On Friday the software giant becomes a smart phone maker. One analyst says it should focus on the enterprise

A new era will dawn at Microsoft at the end of the week when the software giant becomes a smart phone maker.

It’s US$7 billion deal to buy the handset division of Nokia becomes official on April 25.

“This acquisition will help Microsoft accelerate innovation and market adoption for Windows Phones. In addition, we look forward to introducing the next billion customers to Microsoft services via Nokia mobile phones,” Microsoft counsel Brad Smith wrote in a blog.

It will be led by former Nokia CEO Stephen Elop.

UPDATE: On Friday April 25 Microsoft confirmed it has closed the deal. Elop will head the Devices group which includes the Surface tablet, Xbox hardware, Perceptive Pixel (PPI) products, and accessories. The Lumia handsets and Surface tablets run on ARM-based processors, leading to speculation that the operating systems for those devices will be merged. They note that Microsoft is making it easier for developers to write apps once for all Windows platforms.

“With the Nokia mobile phone business, Microsoft will target the affordable mobile devices market,” the company said in a statement, “a $50 billion annual opportunity, delivering the first mobile experience to the next billion people while introducing Microsoft services to new customers around the world.”

The question how many will care about the new owner when they buy their next smart phone?

Apple’s iPhone and manufacturers using Google Android operating system now sell the vast majority of smart phones. Not only that, Apple and Samsung Electronics are the only two manufacturers making money. Finally, although recently sales of Windows Phone have picked up recently, historically buyers around the world haven’t embraced the Microsoft mobile ecosystem.

Another fact: Google wanted to have more influence in the mobile market and bought the handset division of Motorola — only to sell it to Lenovo at a loss just over a year later.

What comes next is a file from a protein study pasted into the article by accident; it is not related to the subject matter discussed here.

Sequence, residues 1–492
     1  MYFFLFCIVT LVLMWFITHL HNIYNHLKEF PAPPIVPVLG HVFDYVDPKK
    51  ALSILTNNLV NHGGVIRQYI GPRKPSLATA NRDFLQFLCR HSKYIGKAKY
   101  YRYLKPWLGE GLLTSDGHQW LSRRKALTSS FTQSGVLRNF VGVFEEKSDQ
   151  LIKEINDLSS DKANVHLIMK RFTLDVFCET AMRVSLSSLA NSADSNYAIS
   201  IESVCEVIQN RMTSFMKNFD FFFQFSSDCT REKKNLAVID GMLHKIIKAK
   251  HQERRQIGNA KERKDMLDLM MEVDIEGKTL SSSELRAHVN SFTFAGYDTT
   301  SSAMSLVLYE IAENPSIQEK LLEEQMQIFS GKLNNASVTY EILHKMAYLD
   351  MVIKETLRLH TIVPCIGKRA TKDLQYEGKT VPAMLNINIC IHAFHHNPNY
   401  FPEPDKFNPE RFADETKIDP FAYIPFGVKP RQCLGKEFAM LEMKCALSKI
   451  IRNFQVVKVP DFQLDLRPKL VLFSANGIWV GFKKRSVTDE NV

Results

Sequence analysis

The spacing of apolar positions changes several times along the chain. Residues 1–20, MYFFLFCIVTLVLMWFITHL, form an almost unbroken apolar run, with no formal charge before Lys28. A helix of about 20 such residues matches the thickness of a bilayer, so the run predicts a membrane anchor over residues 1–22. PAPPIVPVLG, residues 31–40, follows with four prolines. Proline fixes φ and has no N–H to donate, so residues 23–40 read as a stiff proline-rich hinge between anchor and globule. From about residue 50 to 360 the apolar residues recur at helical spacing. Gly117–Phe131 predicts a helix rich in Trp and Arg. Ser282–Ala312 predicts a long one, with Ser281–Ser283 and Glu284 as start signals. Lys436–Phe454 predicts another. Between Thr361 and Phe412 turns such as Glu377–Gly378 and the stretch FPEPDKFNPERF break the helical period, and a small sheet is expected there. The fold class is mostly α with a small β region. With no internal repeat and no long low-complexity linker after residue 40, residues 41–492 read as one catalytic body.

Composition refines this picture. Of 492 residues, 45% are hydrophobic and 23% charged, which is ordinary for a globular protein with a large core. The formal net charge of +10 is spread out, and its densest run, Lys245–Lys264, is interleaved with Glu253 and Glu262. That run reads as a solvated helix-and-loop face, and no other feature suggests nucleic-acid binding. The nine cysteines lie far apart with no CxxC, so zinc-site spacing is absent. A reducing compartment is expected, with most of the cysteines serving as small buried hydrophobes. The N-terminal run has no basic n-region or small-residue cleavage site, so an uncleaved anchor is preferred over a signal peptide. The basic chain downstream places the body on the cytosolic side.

That has led a number of industry analysts to wonder if Microsoft’s bet to boost WinPhone by owning a manufacturer will show dividends. They include Carl Howe of the Yankee Group, who said in an interview that Microsoft should abandon the consumer market and focus on making Nokia devices for business.

As it walks into Microsoft’s embrace Nokia is still a distant third in world-wide smart phone sales, he noted. And unlike Android, there are only a few other WinPhone makers, he added (one of them being Samsung).

“This would have been a much more compelling value proposition around 2011, 2010,” he said. “By waiting until 2014 a lot of people have made up their minds” that WinPhone isn’t for them, including the vast majority in North America. “So the big question is can this ecosystem get traction in other markets, especially in emerging markets where Nokia traditionally is very strong.” But, he added, in those countries Nokia is selling low-priced handsets, not smart phones.

Microsoft (Nasdaq: MSFT) has signaled its prepared to do almost anything to make the WinPhone ecosystem more attractive to buyers (releasing the Cortana personal assistant) app developers (by making it easier to write a Windows app once for desktop, tablet and smart phone platforms) and manufacturers (by giving away the OS for devices with screens of less than 9-in.).

And it does have WinPhone 8.1, which everyone acknowledges is a significant improvement over the various mobile phone operating systems Microsoft has released over the years. But Howe argues it comes with a high price tag in terms of its hardware needs.

Buying a handset maker isn’t the only mobile strategy Microsoft can have, Howe added — it is moving into mobile services, as evidenced by recent mobile device management announcements.

But now that the Nokia deal is done, Microsoft should go after the business market, How said. “Microsoft is a trusted vendor to enterprises,” he argues, “so why not play to that strength rather than go after consumers, who require a lot of support and brand management?”

Microsoft executives have to explain to buyers why a Windows Phone is worth buying, he said. “To date they have not articulated that … you’ve got to convince people that they’re not going to buy the market leaders. Traditionally Microsoft’s done that by tying their products  to things they already sell. This is a place where I think that’s going to be very hard — I don’t think people buy a mobile phone to run Office, despite Microsoft’s assertion this is a big value proposition.”

Two years from now WinPhone will still have less than 10 per cent market share in the U.S., he believes, less globally. As for the medium term, it depends on how long Microsoft shareholders are willing to continue to lose money on mobile, he said. “I think their best shot would be to go after enterprises.”

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